Tell this angry Wal-Mart customer that his anger and frustration is misplaced.

But just let there be a bad call at a little league game, and someone is going to get beat because of it.

Panem et Circenses.

Many seem to misunderstand exactly what the phrase "Bread and Circuses" means. It often is applied to the public and their desire for cheap food and extravagant entertainment. However, it is more accurately a strategy employed to govern a populace.

By providing a constant source of distraction, a government is able to pacify a population and paint those who object to the manner of governance as a threat. The distracted population sometimes reacts violently when confronted with the actual situation, and will work to silence those who threaten their continued entertainment.

Bear in mind that those being all too well entertained and fed often know in the back of their mind something very bad is looming on the horizon, hence the level of violence displayed when the status quo is threatened escalates rapidly.

At one time, ancient games were based along the lines of physical prowess and skill. Over time, as the societies began their decline, these games degenerated into bloody spectacles where animals and people were butchered by "champions" who easily outmatched their opponents.

There also seems to be a correlation between the nature of game shows and the rapidly deteriorating condition of modern society. In a few short years we have degenerated from shows such as "Jeopardy!", which requires a modicum of intelligence, to shows like "Hole In The Wall" where often physically unfit people are required to perform basic agility tasks.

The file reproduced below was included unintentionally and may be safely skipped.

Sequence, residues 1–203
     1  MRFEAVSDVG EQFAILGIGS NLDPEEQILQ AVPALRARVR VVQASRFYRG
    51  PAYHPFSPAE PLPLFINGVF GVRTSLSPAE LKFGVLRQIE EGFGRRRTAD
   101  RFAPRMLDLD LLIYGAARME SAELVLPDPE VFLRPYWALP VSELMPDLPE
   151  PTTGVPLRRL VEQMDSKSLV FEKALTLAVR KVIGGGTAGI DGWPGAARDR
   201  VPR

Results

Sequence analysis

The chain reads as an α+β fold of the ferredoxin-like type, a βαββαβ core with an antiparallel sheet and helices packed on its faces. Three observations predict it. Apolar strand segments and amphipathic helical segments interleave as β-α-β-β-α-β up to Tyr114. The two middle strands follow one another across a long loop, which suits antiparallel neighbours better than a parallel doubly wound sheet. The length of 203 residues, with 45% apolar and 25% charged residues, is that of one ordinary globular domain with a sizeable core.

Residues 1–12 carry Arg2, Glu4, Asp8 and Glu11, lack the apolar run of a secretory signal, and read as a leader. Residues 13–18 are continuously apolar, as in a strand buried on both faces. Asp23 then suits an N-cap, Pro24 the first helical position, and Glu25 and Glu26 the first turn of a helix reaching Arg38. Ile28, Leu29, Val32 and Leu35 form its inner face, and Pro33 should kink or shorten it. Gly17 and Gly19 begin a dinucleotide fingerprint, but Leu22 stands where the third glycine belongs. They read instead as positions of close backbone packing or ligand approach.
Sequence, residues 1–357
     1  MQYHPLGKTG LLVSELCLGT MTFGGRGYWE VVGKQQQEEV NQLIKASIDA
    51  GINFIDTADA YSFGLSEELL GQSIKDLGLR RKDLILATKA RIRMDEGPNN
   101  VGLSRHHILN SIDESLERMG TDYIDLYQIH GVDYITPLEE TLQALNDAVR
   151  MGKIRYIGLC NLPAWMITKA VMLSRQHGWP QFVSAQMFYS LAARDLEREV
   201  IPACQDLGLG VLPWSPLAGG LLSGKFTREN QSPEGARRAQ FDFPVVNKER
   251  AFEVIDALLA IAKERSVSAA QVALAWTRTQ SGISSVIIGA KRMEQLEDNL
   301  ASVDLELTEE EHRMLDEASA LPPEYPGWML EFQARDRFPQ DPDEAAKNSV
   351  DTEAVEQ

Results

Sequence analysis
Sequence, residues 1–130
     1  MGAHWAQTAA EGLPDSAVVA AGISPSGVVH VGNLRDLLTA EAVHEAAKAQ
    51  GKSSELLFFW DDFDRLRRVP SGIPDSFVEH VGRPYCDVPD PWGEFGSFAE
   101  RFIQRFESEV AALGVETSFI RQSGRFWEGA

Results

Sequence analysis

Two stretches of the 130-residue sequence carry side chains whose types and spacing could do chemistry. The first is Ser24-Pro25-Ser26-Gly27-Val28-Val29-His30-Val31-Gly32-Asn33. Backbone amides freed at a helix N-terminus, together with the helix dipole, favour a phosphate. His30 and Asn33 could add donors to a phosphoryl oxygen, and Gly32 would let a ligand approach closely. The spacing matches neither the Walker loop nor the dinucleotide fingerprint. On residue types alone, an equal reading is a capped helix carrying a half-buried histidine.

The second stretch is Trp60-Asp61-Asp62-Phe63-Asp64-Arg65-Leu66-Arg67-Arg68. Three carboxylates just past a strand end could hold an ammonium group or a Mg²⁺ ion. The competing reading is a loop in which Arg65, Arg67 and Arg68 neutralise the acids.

And now we have "Downfall". Throw people off of buildings for entertainment.

I wonder how long until " The Running Man" and "Death Race" are real game shows. Pay attention to how society is portrayed in those movies and novels, and then take a look around you today.


idahobob said...

Another fine example why I have not had lame stream media programming in my home for about......over 30 years.

We do have a T.V. It is not attached to an antenna, cable, or satellite. It is used only for VHS or DVD, PERIOD!!


Ken said...

...welcome home Catman...

...i've used the analogy of animal crackers and cartoons,to pacify infants and toddlers,for 'bread and circuses'...pretty much same thing...shows the intelligence level of those partaking in TV these days...

Mayberry said...

Catman, I am often appalled at the mindless garbage my family watches. I am even more appalled when I hear my wife yakking on the phone to someone, thinking I can't hear, and telling them how "He's missing out, his loss" in reference to my refusal to sit in front of the idiot box and turn my mind to mush. Seriously, that makes me sick to my stomach.

Right now they're watching "America's Got Talent". I can hear it in the background. And I've never heard a bunch of people so pathetic, so LACKING in talent... Yet the morons in the audience clap and cheer. And my family sits and watches...

Unknown said...